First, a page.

Boyleing Point

7/11 was an inside job

The latest version of local-storage-manager has had the internal interface greatly improved for tidiness and best practice, and now has the new Namespace feature. Traditionally, you would have to store your data like so:

const appState = {
key1: {...},
key2: {...}

and set the data like this:

localStorageManager.set('appData', appState);

The issue with this is you may not want key1 and key2 to be grouped together but don't want them to be tossed straight into the local storage. With namespaces you can do this:

localStorageManager.set('key1', key1, 'myAppState');
localStorageManager.set('key2', key2, 'myAppState');

This makes it easier to access all of your data at once while still keeping those keys theoretically separate. When accessing the namespaced data, you simply add the namespace as the second arg like so:

localStorageManager.get('key1', 'myAppState');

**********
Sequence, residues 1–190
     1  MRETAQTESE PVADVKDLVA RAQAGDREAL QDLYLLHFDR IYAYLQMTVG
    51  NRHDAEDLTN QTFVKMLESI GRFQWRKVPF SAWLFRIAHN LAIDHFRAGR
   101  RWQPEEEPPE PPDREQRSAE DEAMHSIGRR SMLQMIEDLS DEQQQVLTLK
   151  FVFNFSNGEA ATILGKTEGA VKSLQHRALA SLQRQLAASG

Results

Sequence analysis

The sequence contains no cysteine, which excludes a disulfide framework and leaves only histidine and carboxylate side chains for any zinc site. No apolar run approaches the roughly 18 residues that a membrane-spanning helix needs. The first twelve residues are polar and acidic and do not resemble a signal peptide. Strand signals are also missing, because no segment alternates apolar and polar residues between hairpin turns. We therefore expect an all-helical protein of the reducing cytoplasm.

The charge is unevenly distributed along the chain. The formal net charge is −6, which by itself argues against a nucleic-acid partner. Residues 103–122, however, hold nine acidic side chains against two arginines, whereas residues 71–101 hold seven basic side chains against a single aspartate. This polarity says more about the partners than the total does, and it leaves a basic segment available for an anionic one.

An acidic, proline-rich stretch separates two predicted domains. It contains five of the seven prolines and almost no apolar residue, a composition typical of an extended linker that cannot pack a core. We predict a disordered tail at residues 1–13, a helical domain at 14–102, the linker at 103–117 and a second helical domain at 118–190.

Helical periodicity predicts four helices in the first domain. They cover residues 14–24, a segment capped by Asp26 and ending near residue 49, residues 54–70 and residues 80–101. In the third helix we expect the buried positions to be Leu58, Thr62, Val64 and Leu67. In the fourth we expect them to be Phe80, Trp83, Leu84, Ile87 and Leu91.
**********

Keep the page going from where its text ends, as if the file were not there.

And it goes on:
The app is now more robust internally and can handle cases of missing data better. It also uses the getItem and setItem methods internally instead of accessing the localStorage directly. To get started, install via npm with npm install @lukeboyle/local-storage-manager See the npm page with documentation and in depth instructions at -

A quick-start guide for running Karma tests for Chrome in Travis CI. When you run Travis on a Node.js project, Travis will - by default - run npm install and then npm test. I first ran into the issue in an Angular project that had tests triggered in the prepublish command. My CI build failed and I decided to remove the prepublish hook and change the name of my test script until I had the time to come back. For months I've been avoiding the issue, but I have finally solved it. The Karma docs suggest that you can run the tests in Firefox with the --browsers flag (see Travis has since updated so that Chrome can be loaded into the environment. For this to work, you'll need to make changes to your travis.yml file and your karma config file.